Bankruptcy and Your Tax Refund
Now that the tax filing deadline has come and gone, you might be expecting a refund on your taxes. However, if you are planning to file for bankruptcy any time soon, you need to understand how filing will affect your tax return. In certain situations, consumers might choose to file a different bankruptcy or delay their filing altogether. Because this is a complicated area of law, you are best off consulting with a South Florida bankruptcy lawyer about your situation.
Chapter 7 Bankruptcies and Your Refund
In a Chapter 7 bankruptcy, the trustee overseeing your bankruptcy can sell your assets and use the money to pay off unsecured creditors, such as credit card companies. Any unpaid unsecured debts get wiped out when your bankruptcy is discharged. A chapter 7 bankruptcy typically takes only a few months from start to finish and, at the end, you have a fresh financial start.
What you need to understand is that a tax refund does qualify as an asset. This means you will need to list it as an asset on your bankruptcy paperwork, and the trustee can then seize it and use it to pay down unsecured debts.
However, those planning on filing for Chapter 7 can save their tax return by delaying when they file. You can then spend your tax refund before filing so there is nothing for the trustee to take.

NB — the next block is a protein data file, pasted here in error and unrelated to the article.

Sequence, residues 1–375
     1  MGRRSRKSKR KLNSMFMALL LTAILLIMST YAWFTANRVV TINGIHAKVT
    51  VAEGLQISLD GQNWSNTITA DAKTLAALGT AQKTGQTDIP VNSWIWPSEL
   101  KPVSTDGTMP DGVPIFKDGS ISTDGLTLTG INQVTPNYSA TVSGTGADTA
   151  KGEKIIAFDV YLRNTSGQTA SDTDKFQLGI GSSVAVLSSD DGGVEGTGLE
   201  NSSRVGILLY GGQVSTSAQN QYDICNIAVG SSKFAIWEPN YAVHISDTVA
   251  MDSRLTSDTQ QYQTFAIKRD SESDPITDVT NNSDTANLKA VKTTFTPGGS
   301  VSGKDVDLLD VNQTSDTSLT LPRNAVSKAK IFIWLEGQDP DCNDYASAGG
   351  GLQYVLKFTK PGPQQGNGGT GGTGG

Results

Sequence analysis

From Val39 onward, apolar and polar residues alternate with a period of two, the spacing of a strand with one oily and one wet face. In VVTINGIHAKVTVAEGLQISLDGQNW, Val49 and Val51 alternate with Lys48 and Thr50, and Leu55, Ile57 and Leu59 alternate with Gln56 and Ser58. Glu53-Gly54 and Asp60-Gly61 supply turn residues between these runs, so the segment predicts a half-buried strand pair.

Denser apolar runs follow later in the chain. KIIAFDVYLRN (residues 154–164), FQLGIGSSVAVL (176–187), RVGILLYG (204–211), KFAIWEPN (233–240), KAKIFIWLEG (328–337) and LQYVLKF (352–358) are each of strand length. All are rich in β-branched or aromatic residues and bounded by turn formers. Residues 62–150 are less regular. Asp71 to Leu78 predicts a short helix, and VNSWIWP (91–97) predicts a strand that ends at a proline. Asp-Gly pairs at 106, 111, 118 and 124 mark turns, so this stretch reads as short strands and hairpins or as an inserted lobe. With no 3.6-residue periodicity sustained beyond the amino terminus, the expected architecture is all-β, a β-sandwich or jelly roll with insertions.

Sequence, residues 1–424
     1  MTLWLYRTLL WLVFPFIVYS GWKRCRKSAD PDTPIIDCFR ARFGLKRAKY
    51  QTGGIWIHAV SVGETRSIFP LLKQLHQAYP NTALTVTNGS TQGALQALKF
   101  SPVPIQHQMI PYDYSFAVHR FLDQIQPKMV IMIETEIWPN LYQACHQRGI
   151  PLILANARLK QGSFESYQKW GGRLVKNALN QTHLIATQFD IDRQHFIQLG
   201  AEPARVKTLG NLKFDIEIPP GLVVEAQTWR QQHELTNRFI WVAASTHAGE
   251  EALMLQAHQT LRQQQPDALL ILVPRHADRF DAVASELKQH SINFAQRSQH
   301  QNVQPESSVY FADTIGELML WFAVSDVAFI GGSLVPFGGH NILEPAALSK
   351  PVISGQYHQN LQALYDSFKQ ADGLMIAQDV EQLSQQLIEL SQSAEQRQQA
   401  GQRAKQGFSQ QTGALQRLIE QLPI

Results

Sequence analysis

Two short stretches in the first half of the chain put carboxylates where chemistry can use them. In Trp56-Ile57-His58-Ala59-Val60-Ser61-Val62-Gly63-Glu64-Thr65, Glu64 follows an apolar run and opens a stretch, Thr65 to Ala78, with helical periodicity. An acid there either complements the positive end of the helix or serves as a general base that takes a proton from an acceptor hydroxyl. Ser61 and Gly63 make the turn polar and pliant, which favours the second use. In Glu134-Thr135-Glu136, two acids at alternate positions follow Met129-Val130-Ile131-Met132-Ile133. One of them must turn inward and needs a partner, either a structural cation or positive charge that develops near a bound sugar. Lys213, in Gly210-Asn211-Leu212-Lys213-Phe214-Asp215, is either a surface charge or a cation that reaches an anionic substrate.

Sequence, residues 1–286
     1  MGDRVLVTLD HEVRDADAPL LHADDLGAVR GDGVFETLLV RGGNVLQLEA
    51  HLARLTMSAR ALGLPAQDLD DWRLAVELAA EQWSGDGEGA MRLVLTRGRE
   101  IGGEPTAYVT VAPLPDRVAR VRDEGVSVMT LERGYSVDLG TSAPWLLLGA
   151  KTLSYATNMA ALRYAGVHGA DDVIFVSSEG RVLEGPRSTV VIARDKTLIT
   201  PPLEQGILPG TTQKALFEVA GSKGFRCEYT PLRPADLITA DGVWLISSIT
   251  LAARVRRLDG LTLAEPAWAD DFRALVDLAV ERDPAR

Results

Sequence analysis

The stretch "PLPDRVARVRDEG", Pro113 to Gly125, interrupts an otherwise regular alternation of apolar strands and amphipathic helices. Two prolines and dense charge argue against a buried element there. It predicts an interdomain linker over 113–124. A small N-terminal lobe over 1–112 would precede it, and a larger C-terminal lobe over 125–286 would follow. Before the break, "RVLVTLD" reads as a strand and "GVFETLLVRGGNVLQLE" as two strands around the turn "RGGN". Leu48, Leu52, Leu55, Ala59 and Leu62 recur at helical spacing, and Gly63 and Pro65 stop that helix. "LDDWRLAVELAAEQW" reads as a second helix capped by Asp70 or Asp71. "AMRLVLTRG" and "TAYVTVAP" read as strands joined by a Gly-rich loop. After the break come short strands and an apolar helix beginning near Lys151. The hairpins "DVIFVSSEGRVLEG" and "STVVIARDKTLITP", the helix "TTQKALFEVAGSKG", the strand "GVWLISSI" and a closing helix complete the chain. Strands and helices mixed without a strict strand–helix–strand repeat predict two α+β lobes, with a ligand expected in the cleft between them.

For example, if you just filed your taxes in April, you will probably receive your tax refund in May or June. If possible, you can delay filing for bankruptcy until several months have passed—provided that is the best option financially.
Remember, however, that the trustee can seize assets, so don’t use the refund to buy a fancy laptop or a giant television since you might end up losing it. Instead, spend the refund on things that the trustee can’t seize, such as medical care, pet care, or on bills.
Chapter 13 and Your Refund
In a chapter 13 bankruptcy, you enter a payment plan for 3-5 years, contributing disposable income to your unsecured creditors. At the end of the payment plan, you can wipe out any unsecured debts remaining. Chapter 13 bankruptcies take much longer than a Chapter 7 bankruptcy but are sometimes a good option for people who have a lot of assets they don’t want to lose. In addition, those who file for chapter 13 bankruptcy will not be required to turn over their tax refund.
Speak with a South Florida Bankruptcy Lawyer
Savvy consumers consider how a bankruptcy will affect all of their assets before filing. At Nowack & Olson, our team will perform a holistic review of all assets and come up with a game plan that works for you. To schedule a free consultation and get started, please reach out by calling g866-907-2970 or submit an online message.